On the other hand there might be some nightmare-like aspects to a technology like the E-Cat for politicians. There will likely be some segments of the population who will be adversely affected by a much better energy technology. People who work in the fossil fuel sector could very well see their businesses negatively impacted. If oil prices drop in the face of a competitive new power source, some boom towns may go bust. If power plants transition to using E-Cats for power rather than coal, we might see the mining industry suffer badly. And what would happen to the alternative energy sector. Wind and solar projects could end up being abandoned.

So it is going to be very interesting to look at how political campaigns and government policies might be affected if there is a successful launch of the E-Cat later this year.

Do you have any ideas about energy policy proposals that would make sense if the E-Cat takes off? If you do, feel free to add a comment below.

And it might be time to start letting our elected representatives and political candidates know about the E-Cat story — they may need to start thinking about how they are going to deal with what could be a very important reality.

Frank Acland

  • Kim


    A mantra taught from birth for how many ages.


    How do you even begin to change this.

    The crux question is: are the true powers going to
    allow it into the paradigm.

    The politicians don’t do anything unless it
    has been sanctioned by the true powers,otherwise
    they commit political suicide.

    A good a start for this conversation.

    You tell me, has the true power given the green


  • Gray Champion

    If working, electricity producing e-cats were as numerous as “A personal computer on every desktop” there would be real competition against the established utilities down to the local level. I think the swell of freedom would be very appealing to the common man. “An e-cat vault in every back-yard” ? Heat and cool your house with it. Run your lights, fridge and oven with it. Charge your electric car with it. Or process your own fuel with it. Purify your own water with it. Neutralize your own sewage with it. Abundant power. Now there is a sense of freedom that Americans have not felt since the Spirit of ’76! A politician could arrange policy to expand freedom with it. Hmmm.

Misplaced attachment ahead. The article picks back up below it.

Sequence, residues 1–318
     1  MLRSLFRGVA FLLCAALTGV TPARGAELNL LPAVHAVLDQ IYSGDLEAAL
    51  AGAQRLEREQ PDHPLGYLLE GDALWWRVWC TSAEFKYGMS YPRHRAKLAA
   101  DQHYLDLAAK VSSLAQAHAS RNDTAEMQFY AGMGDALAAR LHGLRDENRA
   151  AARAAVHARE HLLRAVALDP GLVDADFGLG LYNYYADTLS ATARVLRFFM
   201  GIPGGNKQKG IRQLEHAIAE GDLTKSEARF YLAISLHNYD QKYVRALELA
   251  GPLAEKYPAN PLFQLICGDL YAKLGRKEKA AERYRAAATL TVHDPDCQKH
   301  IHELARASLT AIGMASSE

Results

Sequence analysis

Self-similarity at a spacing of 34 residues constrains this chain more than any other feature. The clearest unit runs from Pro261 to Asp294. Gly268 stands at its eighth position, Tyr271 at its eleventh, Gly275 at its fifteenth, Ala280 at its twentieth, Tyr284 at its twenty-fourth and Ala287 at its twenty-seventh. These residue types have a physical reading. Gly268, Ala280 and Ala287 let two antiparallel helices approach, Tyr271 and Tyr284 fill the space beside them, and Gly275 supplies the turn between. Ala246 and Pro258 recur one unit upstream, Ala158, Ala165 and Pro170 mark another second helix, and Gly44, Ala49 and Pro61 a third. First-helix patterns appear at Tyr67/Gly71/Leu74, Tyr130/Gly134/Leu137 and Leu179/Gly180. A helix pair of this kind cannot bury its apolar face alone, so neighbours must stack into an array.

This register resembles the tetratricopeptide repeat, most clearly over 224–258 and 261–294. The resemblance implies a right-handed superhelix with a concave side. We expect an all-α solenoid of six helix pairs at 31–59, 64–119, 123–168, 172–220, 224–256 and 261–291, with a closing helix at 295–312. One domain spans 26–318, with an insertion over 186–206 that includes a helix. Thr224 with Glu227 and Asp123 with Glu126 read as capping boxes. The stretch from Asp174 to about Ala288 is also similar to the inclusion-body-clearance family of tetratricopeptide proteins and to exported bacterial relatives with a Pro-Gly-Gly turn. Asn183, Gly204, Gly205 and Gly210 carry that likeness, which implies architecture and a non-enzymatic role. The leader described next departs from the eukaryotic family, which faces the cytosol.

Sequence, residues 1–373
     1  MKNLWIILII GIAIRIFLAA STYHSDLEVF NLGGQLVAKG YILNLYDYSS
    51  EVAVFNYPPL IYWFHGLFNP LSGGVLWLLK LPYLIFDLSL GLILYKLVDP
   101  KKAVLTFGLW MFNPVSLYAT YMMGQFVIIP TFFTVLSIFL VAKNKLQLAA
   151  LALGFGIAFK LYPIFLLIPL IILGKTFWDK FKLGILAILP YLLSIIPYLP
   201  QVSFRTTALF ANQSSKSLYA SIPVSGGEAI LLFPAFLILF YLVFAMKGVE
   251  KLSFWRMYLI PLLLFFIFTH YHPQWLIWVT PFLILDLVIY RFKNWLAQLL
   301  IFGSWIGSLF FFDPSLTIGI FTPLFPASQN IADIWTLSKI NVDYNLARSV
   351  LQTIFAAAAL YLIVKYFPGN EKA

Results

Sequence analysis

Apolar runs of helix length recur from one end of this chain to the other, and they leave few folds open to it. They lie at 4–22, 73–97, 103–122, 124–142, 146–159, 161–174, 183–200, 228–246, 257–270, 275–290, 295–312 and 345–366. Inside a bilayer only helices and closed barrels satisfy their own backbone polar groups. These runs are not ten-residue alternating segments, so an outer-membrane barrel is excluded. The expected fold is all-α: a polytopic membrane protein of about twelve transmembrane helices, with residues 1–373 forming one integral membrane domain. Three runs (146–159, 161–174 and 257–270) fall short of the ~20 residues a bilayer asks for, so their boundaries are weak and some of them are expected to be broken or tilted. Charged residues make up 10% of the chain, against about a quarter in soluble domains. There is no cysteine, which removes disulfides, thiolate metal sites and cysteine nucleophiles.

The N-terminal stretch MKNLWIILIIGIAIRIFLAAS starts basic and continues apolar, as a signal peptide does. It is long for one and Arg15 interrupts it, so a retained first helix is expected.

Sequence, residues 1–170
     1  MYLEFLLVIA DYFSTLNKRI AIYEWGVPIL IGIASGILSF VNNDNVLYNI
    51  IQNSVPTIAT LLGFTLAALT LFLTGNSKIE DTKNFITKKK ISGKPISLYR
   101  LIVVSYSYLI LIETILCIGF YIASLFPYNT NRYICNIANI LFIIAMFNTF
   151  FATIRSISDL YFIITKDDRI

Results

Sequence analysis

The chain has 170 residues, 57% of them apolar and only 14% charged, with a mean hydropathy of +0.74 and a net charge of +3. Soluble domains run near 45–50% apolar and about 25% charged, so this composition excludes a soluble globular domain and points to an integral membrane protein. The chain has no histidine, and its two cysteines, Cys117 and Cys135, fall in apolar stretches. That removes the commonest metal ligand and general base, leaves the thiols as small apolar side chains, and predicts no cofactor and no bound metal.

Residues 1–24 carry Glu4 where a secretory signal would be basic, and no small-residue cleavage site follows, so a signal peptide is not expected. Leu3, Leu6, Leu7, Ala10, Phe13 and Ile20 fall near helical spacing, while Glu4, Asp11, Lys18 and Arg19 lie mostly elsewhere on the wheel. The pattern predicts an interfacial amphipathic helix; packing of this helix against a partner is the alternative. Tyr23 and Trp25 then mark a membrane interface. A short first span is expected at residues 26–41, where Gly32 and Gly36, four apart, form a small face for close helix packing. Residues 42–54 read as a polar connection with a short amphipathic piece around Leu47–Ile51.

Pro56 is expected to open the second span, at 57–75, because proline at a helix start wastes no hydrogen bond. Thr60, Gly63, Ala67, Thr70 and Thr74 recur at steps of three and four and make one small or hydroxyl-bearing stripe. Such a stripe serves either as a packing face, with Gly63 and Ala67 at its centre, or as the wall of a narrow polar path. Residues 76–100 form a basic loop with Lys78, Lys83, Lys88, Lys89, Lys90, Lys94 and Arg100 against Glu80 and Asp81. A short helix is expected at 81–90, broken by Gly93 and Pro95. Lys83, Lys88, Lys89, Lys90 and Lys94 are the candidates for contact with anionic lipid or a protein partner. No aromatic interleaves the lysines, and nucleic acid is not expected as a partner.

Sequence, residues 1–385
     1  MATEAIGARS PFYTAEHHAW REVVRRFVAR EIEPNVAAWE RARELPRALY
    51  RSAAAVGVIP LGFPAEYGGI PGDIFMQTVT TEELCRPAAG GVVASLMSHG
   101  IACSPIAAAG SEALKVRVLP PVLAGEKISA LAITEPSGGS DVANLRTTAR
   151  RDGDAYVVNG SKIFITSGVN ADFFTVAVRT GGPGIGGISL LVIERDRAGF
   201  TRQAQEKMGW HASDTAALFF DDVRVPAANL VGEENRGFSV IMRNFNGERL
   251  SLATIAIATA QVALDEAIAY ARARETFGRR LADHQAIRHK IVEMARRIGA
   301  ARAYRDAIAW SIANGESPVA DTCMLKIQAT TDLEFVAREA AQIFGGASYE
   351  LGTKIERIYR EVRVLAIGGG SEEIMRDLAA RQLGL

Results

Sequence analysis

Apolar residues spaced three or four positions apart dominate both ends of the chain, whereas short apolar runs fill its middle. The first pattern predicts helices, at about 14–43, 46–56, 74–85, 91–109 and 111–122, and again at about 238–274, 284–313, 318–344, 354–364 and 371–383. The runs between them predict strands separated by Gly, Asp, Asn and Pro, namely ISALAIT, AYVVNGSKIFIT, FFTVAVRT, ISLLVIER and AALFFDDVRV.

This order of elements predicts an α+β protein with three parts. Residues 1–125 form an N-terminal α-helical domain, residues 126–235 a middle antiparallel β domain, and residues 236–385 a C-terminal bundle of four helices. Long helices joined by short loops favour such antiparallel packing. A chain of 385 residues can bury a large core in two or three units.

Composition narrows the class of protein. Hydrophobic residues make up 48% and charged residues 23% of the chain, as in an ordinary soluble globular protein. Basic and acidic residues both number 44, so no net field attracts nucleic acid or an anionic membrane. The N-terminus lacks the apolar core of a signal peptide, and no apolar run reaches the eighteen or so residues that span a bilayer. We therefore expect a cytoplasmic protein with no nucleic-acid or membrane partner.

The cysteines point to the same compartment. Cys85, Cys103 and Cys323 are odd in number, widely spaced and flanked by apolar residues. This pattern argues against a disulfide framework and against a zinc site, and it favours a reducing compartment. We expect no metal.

• Kim

      Please let all of your friends you know that
      True freedom is upon us… the best you can

      Its mind boggling to understand the
      the true significant of this energy source.

      I have been doing the same…

      The president wants to create jobs?


      New Jobs and Unlimited Freedom


      • Wes

        Free round of drinks for all!

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  • Sojourner Soo

    Sadly, the US government’s patent office does not patent cold fusion devices. It seems to me that Americans probably want to lobby their political representatives to have that regulation changed. It is, indeed, time to start contacting all your politicians and making them aware of this new technology, as well as the restrictions on patents.

    In Canada, I have already made most of our federal and provincial energy ministers aware of the E-Cat, as well as sending emails to all the energy journalists I can find, who work for MSM. I’ve emailed many local news organizations, and blogged on their news response forums across the country. I’ve written to professors at many universities, in addition to all the major Canadian players in the environment movement. One person on my FB page, on which I post articles about Rossi’s E-Cat on a daily basis, has also posted news stories and comments on our federal energy minister’s FB page, only to have them deleted, four times so far. I have, myself, messaged Joe Oliver, the minister, both at his ministry office and on his FB page on several occasions. I have yet to receive a reply.